When the permanent tooth begins to come out, it generally pushes against the roots of the baby tooth, causing the roots connecting the baby tooth to the gum line to dissolve. Once enough of the root is dissolved, the baby tooth loosens out and eventually falls out. When the permanent tooth starts to come out behind the baby tooth, however, it can miss the roots of the baby tooth. The roots will not dissolve, and the permanent tooth is forced to grow in behind the baby tooth.
Another reason for shark teeth to develop is when there is moderate to severe dental crowding, which prevents the permanent tooth from growing properly.
The third and least common reason is when the permanent tooth is completely or partially undeveloped.
Shark teeth tend to occur most commonly with the lower incisors, but may also take place where the upper incisor teeth or primary molars grow. When permanent tooth growing the over baby tooth involves the lower and upper front teeth, there is a good possibility that the same condition will occur to the teeth next to them.
In most cases, no treatment is required for shark teeth. There are, however, a few solutions for this condition, which include the following:
Give the Baby Tooth Additional Time to Fall Out on Its Own
If a permanent tooth has not come in all the way and the primary tooth is getting progressively looser, parents do not have to worry as this condition will likely resolve on its own. Encourage your child to wiggle the baby tooth to further loosen it and wait until the tooth naturally comes out.
Once the permanent tooth has erupted to about 75 percent of the way, or when your child is already out of the normal permanent tooth eruption time frame, your dentist will likely extract the baby tooth.
The new tooth usually moves forward into the proper place once the baby tooth that got in the way is gone. It can take several weeks, sometimes months, for the new tooth to fully settle into the correct position.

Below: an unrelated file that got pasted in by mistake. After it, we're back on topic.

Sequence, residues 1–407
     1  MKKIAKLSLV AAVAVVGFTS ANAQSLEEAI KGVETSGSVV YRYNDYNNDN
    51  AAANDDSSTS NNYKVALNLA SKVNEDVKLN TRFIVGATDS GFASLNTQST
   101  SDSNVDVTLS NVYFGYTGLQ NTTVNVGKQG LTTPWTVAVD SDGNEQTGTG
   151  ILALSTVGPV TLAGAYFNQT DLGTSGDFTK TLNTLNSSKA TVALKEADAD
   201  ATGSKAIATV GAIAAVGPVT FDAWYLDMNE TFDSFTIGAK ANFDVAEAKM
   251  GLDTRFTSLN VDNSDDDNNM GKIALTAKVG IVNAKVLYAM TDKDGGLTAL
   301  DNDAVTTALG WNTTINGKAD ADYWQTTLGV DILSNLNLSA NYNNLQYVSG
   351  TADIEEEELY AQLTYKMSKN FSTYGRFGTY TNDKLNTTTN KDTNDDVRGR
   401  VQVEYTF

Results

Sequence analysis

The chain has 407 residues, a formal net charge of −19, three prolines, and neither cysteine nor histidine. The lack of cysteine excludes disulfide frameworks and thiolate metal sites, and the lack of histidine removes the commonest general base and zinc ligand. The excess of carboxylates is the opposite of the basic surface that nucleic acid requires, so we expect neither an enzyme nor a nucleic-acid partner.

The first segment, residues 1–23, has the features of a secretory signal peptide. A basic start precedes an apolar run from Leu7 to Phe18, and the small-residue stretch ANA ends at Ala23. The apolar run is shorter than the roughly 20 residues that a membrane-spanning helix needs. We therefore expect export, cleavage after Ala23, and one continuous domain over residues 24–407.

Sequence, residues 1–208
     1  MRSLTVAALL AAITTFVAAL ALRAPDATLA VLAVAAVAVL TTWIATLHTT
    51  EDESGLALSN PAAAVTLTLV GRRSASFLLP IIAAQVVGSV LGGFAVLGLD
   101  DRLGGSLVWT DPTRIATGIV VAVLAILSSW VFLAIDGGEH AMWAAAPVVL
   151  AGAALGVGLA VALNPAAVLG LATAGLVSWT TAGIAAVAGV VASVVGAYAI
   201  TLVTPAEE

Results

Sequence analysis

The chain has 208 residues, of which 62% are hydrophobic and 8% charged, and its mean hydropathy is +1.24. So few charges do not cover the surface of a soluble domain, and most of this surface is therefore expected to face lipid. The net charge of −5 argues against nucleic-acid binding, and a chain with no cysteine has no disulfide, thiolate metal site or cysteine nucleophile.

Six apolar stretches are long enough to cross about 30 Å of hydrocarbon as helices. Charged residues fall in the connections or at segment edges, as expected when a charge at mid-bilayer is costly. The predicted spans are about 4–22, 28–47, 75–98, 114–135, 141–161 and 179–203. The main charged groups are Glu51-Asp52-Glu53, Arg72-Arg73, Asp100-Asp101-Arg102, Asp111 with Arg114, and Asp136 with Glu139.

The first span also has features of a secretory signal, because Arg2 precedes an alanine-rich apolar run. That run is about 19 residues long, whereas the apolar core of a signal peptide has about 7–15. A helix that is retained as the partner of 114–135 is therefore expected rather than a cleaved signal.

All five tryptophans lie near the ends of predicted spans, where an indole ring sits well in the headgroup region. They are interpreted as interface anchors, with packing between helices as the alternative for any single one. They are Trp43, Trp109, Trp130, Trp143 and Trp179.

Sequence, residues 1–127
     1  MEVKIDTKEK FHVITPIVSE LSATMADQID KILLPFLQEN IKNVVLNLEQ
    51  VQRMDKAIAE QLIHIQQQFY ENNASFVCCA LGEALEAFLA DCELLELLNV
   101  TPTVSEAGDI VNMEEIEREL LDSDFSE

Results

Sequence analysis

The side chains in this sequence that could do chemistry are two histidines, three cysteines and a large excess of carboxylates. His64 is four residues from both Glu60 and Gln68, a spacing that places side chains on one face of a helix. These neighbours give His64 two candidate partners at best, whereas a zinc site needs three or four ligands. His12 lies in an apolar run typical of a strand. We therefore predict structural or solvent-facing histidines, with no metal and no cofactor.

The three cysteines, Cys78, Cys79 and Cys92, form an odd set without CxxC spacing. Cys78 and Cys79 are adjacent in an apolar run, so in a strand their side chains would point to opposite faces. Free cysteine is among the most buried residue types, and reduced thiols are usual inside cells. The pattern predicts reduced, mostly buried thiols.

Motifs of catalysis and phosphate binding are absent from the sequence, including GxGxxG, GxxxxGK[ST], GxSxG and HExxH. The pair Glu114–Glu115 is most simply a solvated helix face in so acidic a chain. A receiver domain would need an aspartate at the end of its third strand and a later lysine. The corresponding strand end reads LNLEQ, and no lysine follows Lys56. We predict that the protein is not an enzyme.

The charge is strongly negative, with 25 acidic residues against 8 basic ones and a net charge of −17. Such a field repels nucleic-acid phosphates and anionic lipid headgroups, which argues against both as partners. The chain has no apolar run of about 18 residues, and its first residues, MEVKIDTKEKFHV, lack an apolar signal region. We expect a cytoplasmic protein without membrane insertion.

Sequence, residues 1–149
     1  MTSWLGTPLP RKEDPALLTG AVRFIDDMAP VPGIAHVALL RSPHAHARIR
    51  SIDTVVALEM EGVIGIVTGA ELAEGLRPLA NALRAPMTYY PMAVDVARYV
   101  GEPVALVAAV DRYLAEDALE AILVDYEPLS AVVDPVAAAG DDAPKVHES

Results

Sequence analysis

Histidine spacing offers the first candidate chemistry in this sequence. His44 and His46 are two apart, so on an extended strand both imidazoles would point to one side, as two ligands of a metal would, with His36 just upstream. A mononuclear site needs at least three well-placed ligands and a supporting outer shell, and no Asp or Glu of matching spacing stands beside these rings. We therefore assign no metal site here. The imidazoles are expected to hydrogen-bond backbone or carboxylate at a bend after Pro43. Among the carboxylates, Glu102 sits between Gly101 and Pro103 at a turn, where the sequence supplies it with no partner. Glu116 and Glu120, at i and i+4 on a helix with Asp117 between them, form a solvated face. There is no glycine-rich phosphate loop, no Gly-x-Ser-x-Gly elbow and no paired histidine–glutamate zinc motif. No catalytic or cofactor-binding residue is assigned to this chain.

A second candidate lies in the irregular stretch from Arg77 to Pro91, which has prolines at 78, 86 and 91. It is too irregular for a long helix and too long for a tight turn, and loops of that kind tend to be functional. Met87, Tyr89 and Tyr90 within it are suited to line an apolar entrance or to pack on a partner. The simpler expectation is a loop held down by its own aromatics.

What If I Do Nothing?
Occasionally, if the baby teeth do not fall out in a timely manner causing permanent teeth to grow behind them, the teeth will begin to deflect. The teeth move out of position or proper alignment, which may cause potential future orthodontic problems.
After an evaluation, if your child’s dentist determines that an extraction is the best solution, usually it will be a relatively easy appointment. Overall, the roots of a baby tooth are much shorter and smaller, so they can be removed far easier than an adult’s permanent tooth.
Summing It Up!
The permanent tooth normally develops just beneath the baby tooth. Once the permanent tooth is ready to come out, it starts to dissolve out the baby tooth’s roots, which will cause the baby tooth to loosen and eventually fall out. The ultimate goal of the new, permanent tooth is to occupy the same spot in the gum previously occupied by the baby tooth.
Sometimes, however, a permanent tooth does not develop quite as expected. How to deal with the development of shark teeth varies. If a baby tooth remains solid with the permanent tooth growing over it, the best course of action is to make an appointment with your dentist to have your child’s teeth examined.
As a parent, it is but natural to be worried when you see that your child’s permanent teeth are not developing normally. By knowing that permanent tooth growing over baby tooth is not only common among children, but also quite easy to manage, you can take the appropriate steps to treat them without too much stress!